chromatic musical language, Scriabin’s style had a particular direction, whose main consequence was the harmonic instability. However, it had a different way than Schoenberg and Debussy. Although he had also some tendencies towards atonalism, Scriabin was not interested in organizing his musical system after serial principles and, unlike French composers, he was not con- cerned with emphasizing melody and linearity (essential in the modal writ- ing), but more with harmonic innovation. Therefore, the horizontal level is often generated by vertical structures.

    The following table provides an overview of the general features and ele- ments of musical language found in Scriabin’s piano sonatas:

    General structure Two, three, or four movements (No. 1-4) One movement (No. 5-10)

    Form Traditional (three or four movements) Innovative (one or two movements)

    Musical system Tonal-modal (No. 1-4), enclosed harmony, with tendencies towards atonal (No. 5-10)

    Dramaturgy Classical, balanced (No. 1-4) With frequent climaxes, “explosive” (No. 5-10)

    Traits Deeply personal, original, innovative in form, harmony, writing manner, aesthetical concepts

    Table 1. General features in Scriabin’s piano sonatas.

    Sonata No. 3 in F♯ minor, Op. 23

    Structure of the piece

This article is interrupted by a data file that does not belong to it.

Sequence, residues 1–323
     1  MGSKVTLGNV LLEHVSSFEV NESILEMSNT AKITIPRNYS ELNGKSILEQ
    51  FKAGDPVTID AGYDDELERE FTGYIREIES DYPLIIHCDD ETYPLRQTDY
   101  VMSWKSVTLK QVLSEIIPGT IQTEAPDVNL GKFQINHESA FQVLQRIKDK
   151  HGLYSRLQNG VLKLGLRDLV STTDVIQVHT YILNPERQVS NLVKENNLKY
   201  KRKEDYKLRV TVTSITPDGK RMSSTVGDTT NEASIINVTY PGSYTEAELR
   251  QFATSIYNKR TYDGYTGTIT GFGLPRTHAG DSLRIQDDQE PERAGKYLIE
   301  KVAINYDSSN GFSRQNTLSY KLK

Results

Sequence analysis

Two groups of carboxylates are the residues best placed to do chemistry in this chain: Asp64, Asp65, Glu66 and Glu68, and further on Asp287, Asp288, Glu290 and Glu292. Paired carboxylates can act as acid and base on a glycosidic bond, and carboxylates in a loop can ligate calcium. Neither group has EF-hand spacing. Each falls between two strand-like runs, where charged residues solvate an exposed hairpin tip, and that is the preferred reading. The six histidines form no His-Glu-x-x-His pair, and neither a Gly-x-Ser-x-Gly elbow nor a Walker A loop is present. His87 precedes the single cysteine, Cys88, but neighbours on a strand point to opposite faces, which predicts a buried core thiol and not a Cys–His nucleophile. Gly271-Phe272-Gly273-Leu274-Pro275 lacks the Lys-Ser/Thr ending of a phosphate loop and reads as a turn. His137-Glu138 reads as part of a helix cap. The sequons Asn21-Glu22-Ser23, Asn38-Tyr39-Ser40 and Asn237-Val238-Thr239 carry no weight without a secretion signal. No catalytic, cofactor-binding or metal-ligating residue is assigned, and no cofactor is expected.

Four contrasting movements: - Drammatico (F♯ minor) - Allegretto (E♭ major) - Andante (B major) - Presto con fuoco (F♯ minor)

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    Journal of the National University of Music Bucharest

    Form

    Relatively concise and clear: - first movement – sonata form - second movement – simple three- part form - third movement – simple three-part form - fourth movement – sonata form (with reversed recapitulation)

    Texture Harmonic-polyphonic density, in a kindred romantic style with Schumann- Brahms’ manner of writing

    Harmony Mostly diatonic, pursuing a clear tonal plane, with dense chromatic expansions

    Musical dramaturgy Of romantic type, built in “waves”, with dynamic contrasts and expressive agogic changes

    Table 2. General aspects in Scriabin’s piano Sonata No. 3.

    First movement – Drammatico Scriabin proposes in the first movement a typical sonata structure, designed according to the principles of classical tradition (see Table 3).

    1) Exposition First

    theme Bridge Secondary themes Conclusion

    A (A1, A2) B1 B2 A

    8 mm. 8 + 8 6 8 + 4 8 + 4

    F♯ minor C♯ minor A major A major A major, C♯ minor

    Drammatico Cantabile A tempo Tempo I

    Table 3. Structure of the first movement in Scriabin’s piano Sonata No. 3

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    Musicology Today Issue 1 | 2016

    2) Development

    First stage Second stage Third stage Fourth stage

    αv1 + βv1 αv2 + βv2 αv3 + αv3’ α and β

    intertwined α + α1v1 α + α1v2

    β (r.h.) + α (l.h.)

    4 4 4 + 4 4 + 4 + 4

    C♯ minor, E major

    E♭ minor, G♭ major

    F minor, D♭ major

    B♭ minor, A major, G♯ minor, G major

    3) Recapitulation

    A B A3 Av Conclusion

    8 6 8 + 8 8 8 (+4)